This is a question that has been nagging me for the past three weeks. I would like to direct this question to anyone and everyone - but most especially university students. My mother works at CSUN, and living close by I try to have lunch with her a couple of times a week. In my heading up there, I've noticed that it's very much the bike-friendly environment as it's always been - so much that even I can overlook the multitude of riders who decide to go without a helmet. Small potatoes; their brains, not mine. What I am least enthused about, though, is the way a lot of students have been securing their bicycles - or rather, have thrown caution to the wind and forgone any real sense of security whatsoever.
CSUN is in the north Valley and has a lot of security, a fact that I believe has bred a common line of thinking: that there are so many bicycles on campus; who'd want to take the time to steal my bike? I can kind of understand that. I can understand also that when late for class, sometimes you might only have time to throw a u-lock on the front tire and slide into a seat. There also might be the reasoning that as long as the bike's got a lock on it, it's locked up - plain and simple.
Now, the latter reasoning makes absolutely no sense to me. Whether you've a cable, a u-lock, or a chain - if you're merely locking the front tire to a rack, your bike isn't properly locked up. And while I can understand throwing on a lock quickly to make it to class - I'd rather be two minutes late then know that I did a half-assed job at making sure my mode of transportation was locked as best as possible.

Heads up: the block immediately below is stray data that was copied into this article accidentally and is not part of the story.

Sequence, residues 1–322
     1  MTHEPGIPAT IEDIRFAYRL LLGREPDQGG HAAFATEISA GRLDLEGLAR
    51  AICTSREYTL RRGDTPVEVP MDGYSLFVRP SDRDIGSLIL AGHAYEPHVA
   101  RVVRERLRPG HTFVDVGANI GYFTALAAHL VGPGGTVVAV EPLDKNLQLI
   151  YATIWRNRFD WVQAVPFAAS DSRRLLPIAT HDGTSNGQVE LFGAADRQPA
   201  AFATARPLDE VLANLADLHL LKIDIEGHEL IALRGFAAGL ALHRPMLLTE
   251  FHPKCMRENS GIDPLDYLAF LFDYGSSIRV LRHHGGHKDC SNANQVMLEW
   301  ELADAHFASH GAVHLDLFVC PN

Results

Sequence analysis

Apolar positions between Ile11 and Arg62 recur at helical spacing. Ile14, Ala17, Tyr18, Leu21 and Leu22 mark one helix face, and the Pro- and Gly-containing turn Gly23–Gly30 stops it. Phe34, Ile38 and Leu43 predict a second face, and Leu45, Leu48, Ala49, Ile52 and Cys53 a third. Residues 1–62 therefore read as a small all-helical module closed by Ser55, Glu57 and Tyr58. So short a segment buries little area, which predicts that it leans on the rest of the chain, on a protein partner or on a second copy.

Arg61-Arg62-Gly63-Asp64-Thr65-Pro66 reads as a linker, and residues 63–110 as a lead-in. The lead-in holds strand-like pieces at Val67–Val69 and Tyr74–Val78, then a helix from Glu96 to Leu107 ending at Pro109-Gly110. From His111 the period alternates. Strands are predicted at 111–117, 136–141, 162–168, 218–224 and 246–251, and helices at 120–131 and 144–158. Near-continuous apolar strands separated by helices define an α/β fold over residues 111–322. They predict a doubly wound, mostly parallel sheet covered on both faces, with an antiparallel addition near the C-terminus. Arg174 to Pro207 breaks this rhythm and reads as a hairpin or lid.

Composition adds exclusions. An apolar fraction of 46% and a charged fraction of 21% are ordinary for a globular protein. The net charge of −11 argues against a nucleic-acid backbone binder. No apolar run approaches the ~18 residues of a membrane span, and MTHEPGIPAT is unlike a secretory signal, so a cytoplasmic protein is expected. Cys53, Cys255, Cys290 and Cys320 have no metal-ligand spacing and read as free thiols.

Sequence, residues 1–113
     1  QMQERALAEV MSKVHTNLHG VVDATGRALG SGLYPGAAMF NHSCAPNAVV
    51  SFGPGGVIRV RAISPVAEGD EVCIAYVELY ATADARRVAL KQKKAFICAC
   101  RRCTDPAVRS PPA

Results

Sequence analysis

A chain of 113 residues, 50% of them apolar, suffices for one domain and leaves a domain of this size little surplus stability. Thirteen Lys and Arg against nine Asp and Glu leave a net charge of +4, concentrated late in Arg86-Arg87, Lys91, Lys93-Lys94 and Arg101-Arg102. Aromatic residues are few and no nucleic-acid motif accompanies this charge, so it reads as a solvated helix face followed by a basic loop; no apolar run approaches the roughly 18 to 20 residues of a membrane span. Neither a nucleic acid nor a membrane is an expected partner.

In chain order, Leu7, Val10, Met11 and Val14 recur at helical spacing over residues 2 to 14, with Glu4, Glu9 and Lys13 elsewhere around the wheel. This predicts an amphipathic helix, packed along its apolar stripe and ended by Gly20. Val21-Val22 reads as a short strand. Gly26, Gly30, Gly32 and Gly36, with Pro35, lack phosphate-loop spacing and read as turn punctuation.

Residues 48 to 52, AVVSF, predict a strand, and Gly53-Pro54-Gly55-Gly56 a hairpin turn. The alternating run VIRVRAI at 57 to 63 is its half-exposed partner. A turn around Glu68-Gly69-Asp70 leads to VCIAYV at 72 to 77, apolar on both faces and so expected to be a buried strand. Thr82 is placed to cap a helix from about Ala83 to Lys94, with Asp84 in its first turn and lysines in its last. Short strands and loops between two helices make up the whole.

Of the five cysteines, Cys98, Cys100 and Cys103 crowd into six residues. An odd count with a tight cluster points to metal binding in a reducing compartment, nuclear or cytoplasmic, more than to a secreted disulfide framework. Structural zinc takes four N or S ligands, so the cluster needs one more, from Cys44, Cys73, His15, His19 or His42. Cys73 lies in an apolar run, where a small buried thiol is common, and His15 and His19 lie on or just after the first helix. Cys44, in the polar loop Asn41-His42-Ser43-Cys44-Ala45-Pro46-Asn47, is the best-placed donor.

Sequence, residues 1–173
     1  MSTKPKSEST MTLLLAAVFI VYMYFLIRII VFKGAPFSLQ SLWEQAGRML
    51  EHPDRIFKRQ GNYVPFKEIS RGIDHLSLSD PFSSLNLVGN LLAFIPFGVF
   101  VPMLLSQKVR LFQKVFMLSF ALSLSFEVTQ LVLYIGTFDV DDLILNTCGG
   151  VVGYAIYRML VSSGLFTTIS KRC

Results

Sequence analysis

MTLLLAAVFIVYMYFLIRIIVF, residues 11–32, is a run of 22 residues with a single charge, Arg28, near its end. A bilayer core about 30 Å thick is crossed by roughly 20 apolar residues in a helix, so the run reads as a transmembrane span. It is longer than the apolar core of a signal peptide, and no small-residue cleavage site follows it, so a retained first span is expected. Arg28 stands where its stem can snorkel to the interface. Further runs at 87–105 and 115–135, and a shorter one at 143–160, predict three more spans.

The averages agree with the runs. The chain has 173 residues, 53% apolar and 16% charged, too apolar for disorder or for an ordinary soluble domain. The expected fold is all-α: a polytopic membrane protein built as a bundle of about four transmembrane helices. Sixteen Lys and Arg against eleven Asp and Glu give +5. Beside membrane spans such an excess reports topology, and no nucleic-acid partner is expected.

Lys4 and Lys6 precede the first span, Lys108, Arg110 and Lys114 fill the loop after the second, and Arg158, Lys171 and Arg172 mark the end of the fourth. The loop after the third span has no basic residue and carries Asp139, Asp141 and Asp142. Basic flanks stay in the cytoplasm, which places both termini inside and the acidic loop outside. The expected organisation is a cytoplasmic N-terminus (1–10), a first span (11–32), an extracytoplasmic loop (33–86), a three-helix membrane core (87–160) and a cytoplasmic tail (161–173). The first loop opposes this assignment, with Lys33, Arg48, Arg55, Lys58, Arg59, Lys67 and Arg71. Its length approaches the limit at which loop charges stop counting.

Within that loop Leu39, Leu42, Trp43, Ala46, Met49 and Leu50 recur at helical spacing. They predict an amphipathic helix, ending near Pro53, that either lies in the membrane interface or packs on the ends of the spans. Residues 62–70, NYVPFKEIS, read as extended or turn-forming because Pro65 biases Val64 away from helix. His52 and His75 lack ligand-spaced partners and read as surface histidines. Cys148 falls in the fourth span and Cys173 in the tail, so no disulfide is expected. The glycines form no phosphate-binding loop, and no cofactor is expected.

If one has gone long enough without the threat of their bicycle being stolen, I can understand the thought of not finding it absolutely necessary to buy a second lock for the rear wheel and frame. It wasn't long ago that I slacked in effort when locking up my bicycle, and even now I sometimes question whether I'm doing it "correctly". I do know that it would break my heart of my bike went missing, or any part of it. Wheels, seat; you name it, heart crushed. Besides, I'd have to figure out how to get home. Then I'd feel stupid.
Whatever one does and wherever one goes, one should be able to leave their bicycle parked without any real nagging doubt that someone will take their ride home. I don't think anyone wants to be the person whose bike went missing because it was just too easy. At least if you did everything right and for some freak reason it still went missing, the plaguing thought of blatant naivete will be a lessened issue. Sure, you'd have to figure a way home, but at least a guilty conscience wouldn't follow.
Perhaps it's only me, but nothing these days is more pleasing to the eye than a well-locked-up bicycle. It's a sign that someone's been paying attention, which I wish wasn't as few-and-far-between a sign of intelligence as it has become.
West Hollywood wasn't always my home, but as far as I'm concerned, it is now and always will be. Still trying to find my place, here, within, and everywhere I roam. This blog explores that, personally, professionally, culturally, and everywhere in between.